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I've built a child theme of Divi Theme to use with Buddypress. So far so good, except for a script conflict on commenting buttons.

The theme load a javascript (js/custom.js at 2642:2662) with the following function:

    $( 'a[href*=#]:not([href=#])' ).click( function() {
        if ( $(this).closest( '.woocommerce-tabs' ).length && $(this).closest( '.tabs' ).length ) {
            return false;
        }

        if ( location.pathname.replace( /^\//,'' ) == this.pathname.replace( /^\//,'' ) && location.hostname == this.hostname ) {
            var target = $( this.hash );
            target = target.length ? target : $( '[name=' + this.hash.slice(1) +']' );
            if ( target.length ) {
                et_pb_smooth_scroll( target, false, 800 );

                if ( ! $( '#main-header' ).hasClass( 'et-fixed-header' ) && $( 'body' ).hasClass( 'et_fixed_nav' ) && $( window ).width() > 980 ) {
                        setTimeout(function(){
                        et_pb_smooth_scroll( target, false, 200);
                    }, 500 );
                }

                return false;
            }
        }
    });

This event target the same button that Buddypress use for commenting, preventing AJAX form from loading on click.

enter image description here

I don't want to edit the parent theme (custom.js). How can I prevent this conflict? Is there a workaround, maybe from functions.php?

UPDATE

Using wp_dequeue_script to load that script later, didn't work. When using this code in functions.php

function de_script() {
    wp_dequeue_script( 'divi-custom-script' );
}
add_action( 'wp_print_scripts', 'de_script', 100 );

then the full script (custom.js) was not loaded at all.

  • why is this a wordpress specific question? – Mark Kaplun Mar 1 '15 at 16:19
  • I'm trying to build a child theme for wordpress. Maybe should be more generic? Something like "how to unbind a specific piece of javascript loaded from the parent theme, when developing a child theme". – Giulio Bonanome Mar 1 '15 at 16:31
  • exactly, it is a question about conflict resolution between two JS libraries, whatever is the solution it will have very little to do with wordpress unless your question is how to enqueue and dequeue JS files. – Mark Kaplun Mar 1 '15 at 17:48
  • It is a question on how to handle conflict between javascript when developing child themes on wordpress. Sorry but I'm missing your point. Do you think the question should be edited? How? – Giulio Bonanome Mar 1 '15 at 18:24
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    there is no general conflict handling and each conflict has it own resolution. Once you know what type of resolution will work for you people can help you to implement it in the context of wordpress but for that first step you need JS experts not wordpress experts. – Mark Kaplun Mar 2 '15 at 4:13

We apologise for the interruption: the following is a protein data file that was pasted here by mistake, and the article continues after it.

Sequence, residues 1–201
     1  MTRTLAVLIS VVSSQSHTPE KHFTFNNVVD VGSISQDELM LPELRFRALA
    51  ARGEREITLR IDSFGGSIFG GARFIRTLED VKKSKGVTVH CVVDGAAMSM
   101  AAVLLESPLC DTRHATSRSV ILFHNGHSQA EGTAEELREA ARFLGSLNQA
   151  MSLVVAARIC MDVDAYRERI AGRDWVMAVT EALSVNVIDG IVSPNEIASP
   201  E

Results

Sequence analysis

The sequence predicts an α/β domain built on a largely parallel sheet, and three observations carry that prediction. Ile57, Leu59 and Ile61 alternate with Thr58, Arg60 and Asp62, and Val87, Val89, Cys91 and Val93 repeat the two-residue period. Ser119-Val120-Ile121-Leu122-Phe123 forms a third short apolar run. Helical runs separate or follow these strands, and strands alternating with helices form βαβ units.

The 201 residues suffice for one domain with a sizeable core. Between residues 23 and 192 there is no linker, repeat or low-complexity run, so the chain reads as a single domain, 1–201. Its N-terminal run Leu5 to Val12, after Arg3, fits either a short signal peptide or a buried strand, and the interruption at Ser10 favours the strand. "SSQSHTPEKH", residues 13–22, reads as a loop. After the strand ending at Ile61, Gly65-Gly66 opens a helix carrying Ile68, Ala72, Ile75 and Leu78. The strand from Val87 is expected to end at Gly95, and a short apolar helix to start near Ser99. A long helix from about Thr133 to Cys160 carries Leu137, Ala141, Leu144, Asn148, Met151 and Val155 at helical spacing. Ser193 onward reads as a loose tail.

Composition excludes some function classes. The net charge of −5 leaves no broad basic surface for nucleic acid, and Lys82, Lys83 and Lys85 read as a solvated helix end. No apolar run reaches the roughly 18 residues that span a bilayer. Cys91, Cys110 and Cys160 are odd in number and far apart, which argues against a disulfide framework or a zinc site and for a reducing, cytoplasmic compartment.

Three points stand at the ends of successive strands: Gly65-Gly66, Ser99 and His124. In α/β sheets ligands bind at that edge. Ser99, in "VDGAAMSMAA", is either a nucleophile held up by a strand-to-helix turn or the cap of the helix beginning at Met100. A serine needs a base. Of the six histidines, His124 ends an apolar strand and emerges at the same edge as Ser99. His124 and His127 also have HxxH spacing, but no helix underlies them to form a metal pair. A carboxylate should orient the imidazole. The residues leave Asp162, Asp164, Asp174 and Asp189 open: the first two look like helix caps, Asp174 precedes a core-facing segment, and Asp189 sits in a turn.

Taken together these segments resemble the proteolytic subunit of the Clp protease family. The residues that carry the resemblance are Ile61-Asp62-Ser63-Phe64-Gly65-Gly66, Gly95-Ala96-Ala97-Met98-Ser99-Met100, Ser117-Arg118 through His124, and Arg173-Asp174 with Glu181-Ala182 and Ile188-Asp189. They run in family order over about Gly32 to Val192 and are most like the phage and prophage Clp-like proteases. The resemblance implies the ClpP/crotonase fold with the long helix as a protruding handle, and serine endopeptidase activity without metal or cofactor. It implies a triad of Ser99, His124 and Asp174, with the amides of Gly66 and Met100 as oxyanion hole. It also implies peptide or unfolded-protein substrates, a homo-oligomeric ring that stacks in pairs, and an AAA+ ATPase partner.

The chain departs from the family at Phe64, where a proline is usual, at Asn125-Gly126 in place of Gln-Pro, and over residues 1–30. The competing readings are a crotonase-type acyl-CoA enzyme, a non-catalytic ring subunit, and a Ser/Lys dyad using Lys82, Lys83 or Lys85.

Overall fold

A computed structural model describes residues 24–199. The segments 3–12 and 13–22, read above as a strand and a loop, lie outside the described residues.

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First of all, to resolve the javascript conflict I've set up a simple tl_custom.js under my theme js/ folder, with the following code

jQuery(document).ready(function($) {
    //  Remove handler set by themes/Divi/js/custom.js at line 2642
    $( 'a[href*=#]:not([href=#])' ).off();
});

Then I add the script with the following code in functions.php

function tl_custom_scripts() {
    if ( ! is_admin() ) {
        $scriptsrc = get_stylesheet_directory_uri() . '/js/';
        wp_register_script( 'tl_custom', $scriptsrc . 'tl_custom.js', '', '', true );
        wp_enqueue_script( 'tl_custom' );
    }
}
add_action( 'wp_enqueue_scripts', 'tl_custom_scripts', 20 );

The main problem is that the parent theme register custom.js in the footer, so I had to set the wp_register_script last parameter to true and then set add_action priority to 20.

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I just ran into this same problem with my premium theme not having buddypress support. Disabling the click event removes the ability to have scrollto page anchors which I have on one of my interior pages. So I just target the buddypress class to enable the comment/reply buttons.

if ( $('body').hasClass('buddypress') ) {

    $( 'a[href*=#]:not([href=#])' ).off();

}

I placed the code in a custom.js file in my child theme then enqueued the resource from functions.php. Make sure the file is enqueued after the premium theme's js.

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From a purely WordPress perspective, the only solution I see would be to copy the script to your child theme and make edits to it to remove the conflict. If the parent theme uses get_template_directory_uri to reference the path to the script, you'll also have to dequeue the original, and enqueue your modified version. If the script is loaded using get_stylesheet_directory_uri, then simply mirroring the same hierarchy in your child theme will correctly override the script without having to do anything else.

Of course, the issue will be with parent theme updates adding or modifying that script file, you will have to monitor each update to insure your updated theme is not broken or missing functionality.

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I might be off track here, but would removing the return false; from the javascript you posted help?

return false; in a click function is like saying:

   event.preventDefault();
   event.stopPropagation();

I think this is why your other function is not firing as there is no restriction to having multiple handlers bound to the same event on an element. However removing the return false; may cause you other issues.

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